The difference between a Community Manager and a Social Media Manager
In the past, I used to think that community management and social media management are one and the same thing. It wasn’t until I actually started working as a community manager and then later as a social media manager, did I realize that there is actually a difference between these two titles even though the lines do sometimes blur. To help me explain the difference between the two, I asked several digital marketing professionals on Quora and Linkedin for their take on the difference between social media managers and community managers.
Shane Reiser, Director of Marketing and Community at Kohort. Seattle, WA. A community manager specializes in building a community. They have many tools at their disposal to build this community, just one of which is social media (they also do events, send emails, make phone calls, etc). Community Managers existed before Twitter, Facebook and blogs. Back then, companies still needed to build communities of brand champions – they just did so without the help of social media. I imagine that community managers in some industries might not even use social media if their customers aren’t using it either, but in the tech arena we all work in, most of our customer do and so, therefore, do we. Because of that, we work closely with the social media manager, but also with customer service, sales and marketing.
A social media manager specifically manages the social media accounts for a company. They help all the departments fulfill their own missions – they help marketing by doing outbound media, they help customer service by handling inbound questions/complaints via social media, they help brand management by exampling the company’s brand personality in posts and tweets, they even help HR by recruiting via social media. Big companies will have separate teams for each. Small companies (like early stage tech companies) often have the same team/person doing both. If I were to design a hierarchy with one person in each position, I would have the social media manager report to the CMO, the head of customer service report to the COO, and the community manager report to both the CMO and COO equally.
Sandra Lizioli, Marketing Communications Professional. Brussels, Belgium. For me, a social media manager has a helicopter view of social media as a whole in a strategic role: LinkedIn versus Twitter, Facebook, etc. as part of the total marketing communication mix, and how social media integrates with the other channels, both offline and online. The community manager (and depending on the size of the company there may be several) engages with its community so it’s more of a ‘live’ ambassador of the brand. The two work hand-in-hand: one more strategic, the other in real time. Both roles can be one and the same person!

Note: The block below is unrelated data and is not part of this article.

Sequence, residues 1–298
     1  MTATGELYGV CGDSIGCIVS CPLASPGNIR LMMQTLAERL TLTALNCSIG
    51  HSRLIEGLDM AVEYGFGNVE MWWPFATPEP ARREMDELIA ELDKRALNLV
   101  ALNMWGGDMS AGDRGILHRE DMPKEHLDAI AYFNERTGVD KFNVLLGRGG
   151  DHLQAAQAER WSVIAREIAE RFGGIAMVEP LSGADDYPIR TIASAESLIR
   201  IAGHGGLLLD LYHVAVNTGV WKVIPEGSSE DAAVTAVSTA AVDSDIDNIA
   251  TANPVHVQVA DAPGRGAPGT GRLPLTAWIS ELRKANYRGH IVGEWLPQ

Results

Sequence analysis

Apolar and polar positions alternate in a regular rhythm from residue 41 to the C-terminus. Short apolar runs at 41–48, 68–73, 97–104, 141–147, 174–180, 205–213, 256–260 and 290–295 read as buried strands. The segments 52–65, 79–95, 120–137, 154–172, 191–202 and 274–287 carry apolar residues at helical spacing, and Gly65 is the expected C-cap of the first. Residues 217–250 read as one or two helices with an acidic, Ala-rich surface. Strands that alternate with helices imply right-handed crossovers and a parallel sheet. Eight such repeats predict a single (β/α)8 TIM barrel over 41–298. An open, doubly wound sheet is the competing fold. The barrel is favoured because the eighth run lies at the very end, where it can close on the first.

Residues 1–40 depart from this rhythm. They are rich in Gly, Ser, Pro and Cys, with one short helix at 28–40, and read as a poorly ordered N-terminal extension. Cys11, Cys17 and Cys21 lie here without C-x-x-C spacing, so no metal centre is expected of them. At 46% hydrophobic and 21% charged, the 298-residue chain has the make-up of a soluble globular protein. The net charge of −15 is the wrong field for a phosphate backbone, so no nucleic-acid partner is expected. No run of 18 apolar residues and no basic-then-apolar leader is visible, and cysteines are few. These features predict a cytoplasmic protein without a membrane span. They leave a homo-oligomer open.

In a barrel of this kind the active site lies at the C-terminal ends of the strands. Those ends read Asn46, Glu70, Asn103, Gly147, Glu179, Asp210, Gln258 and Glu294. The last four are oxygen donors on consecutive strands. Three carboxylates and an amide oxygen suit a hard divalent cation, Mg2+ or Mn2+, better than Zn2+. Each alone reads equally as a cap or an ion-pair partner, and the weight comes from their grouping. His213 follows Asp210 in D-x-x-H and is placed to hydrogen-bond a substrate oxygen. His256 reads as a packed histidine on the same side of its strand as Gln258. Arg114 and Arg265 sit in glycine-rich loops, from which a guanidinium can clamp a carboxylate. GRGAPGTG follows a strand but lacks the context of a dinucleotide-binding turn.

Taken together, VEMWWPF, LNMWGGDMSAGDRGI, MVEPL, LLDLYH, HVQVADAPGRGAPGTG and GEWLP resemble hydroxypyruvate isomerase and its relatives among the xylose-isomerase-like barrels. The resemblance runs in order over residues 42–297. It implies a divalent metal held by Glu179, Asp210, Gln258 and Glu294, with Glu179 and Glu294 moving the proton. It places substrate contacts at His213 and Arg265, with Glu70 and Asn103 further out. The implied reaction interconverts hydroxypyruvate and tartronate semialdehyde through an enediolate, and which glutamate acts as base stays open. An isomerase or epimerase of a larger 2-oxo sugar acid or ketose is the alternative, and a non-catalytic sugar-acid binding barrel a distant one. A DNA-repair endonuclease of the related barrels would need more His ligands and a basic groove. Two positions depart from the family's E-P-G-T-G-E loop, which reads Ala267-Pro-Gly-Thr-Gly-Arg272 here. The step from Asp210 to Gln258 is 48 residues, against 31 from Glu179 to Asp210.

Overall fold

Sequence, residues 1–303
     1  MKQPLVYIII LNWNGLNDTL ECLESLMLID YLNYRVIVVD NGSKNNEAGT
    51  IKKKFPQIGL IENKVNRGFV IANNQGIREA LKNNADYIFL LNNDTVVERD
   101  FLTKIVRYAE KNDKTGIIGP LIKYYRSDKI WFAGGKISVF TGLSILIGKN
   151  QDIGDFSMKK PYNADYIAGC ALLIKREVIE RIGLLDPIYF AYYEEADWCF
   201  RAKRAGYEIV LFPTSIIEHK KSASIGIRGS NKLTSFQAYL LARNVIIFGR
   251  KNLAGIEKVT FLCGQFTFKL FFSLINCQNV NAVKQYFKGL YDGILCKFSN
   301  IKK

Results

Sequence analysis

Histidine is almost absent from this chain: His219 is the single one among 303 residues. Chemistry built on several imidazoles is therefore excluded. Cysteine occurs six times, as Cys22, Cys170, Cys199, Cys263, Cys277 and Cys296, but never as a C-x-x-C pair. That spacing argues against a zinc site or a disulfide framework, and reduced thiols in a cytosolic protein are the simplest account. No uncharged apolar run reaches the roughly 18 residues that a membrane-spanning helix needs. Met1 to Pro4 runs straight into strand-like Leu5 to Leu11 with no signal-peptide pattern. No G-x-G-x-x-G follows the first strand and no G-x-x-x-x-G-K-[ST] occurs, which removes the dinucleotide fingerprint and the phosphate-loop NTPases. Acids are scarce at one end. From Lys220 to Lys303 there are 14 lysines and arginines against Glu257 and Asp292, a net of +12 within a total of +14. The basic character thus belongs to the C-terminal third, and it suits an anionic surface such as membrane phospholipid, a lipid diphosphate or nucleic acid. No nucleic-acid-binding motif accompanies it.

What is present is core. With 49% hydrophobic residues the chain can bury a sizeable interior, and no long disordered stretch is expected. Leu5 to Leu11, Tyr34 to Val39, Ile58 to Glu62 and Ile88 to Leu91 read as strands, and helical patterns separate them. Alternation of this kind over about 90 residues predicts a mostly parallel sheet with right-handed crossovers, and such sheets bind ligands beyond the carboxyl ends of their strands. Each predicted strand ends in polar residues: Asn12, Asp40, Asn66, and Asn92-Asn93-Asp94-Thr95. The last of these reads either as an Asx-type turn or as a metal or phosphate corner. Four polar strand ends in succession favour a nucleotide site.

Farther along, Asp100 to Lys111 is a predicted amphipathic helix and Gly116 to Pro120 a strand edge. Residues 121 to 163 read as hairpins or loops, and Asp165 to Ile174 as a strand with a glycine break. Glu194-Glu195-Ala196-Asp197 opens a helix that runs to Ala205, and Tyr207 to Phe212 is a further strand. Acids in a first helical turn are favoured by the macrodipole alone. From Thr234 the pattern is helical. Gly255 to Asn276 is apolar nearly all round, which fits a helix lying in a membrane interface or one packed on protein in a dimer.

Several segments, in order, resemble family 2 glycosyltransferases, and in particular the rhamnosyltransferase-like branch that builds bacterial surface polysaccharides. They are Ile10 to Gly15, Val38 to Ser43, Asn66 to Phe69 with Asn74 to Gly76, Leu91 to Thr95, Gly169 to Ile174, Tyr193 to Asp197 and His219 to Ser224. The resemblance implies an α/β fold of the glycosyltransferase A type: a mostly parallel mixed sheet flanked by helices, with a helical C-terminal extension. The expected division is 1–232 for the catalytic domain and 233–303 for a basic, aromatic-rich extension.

Camilla Koutsos, Community Manager at Sidhe Interactive. New Zealand. I consider a community manager to be a user interface with a face. My community knows that I was hired specifically for them to talk and listen to. I support them, answer questions, give them information, and socialise with them online. When they get mad they ‘shout’ at me by name. When they’re happy they can be very affectionate. They know me, as an individual person dedicated to their care, on behalf of the brands that employ me. Until today I would have thought a social media manager was a different name for the same thing, but it sounds like it’s much more about impersonal marketing and outgoing information from the brand than community management.
Tim McDonald, Community Manager at Astek Consulting. Chicago. CMs are not part of the marketing team at all, so they would be very different in the regard that SMMs are almost always in marketing. There are so many roles that a community manager can play. Some may actually be called a social media manager but still have characteristics of a community manager. In all cases, I think the challenge is for either the person or the brand to make the community feel like they are talking to a person, even if they are just the avatar.
Luke Mccintosh, Quality Controller at LionBridge. Ireland. In my role as a community manager, I and my team mates manage communities of 1000s of independent contractors from around the globe. Our community management focus is on managing the expectations, education, and quality of work of these guys in the cloud. We don’t even touch a social media outlet, including aforums (unfortunately from my perspective). Yet other community managers might use social media exclusively as their means of connecting with their community. Yet still others might be focused on a combination of trying to sell or market their product and managing customer/consumer relations.
I suppose what I mean to say is that as we move more into cloud computing and the digital age, I believe the roles of a Community Manager and Social Media Manager will continue to separate to meet needs. I foresee Community Management becoming more internal, while the traditional community management role evolves into dedicated consumer/customer support and the Social Media one becomes wholly marketing/advertising/product awareness focused.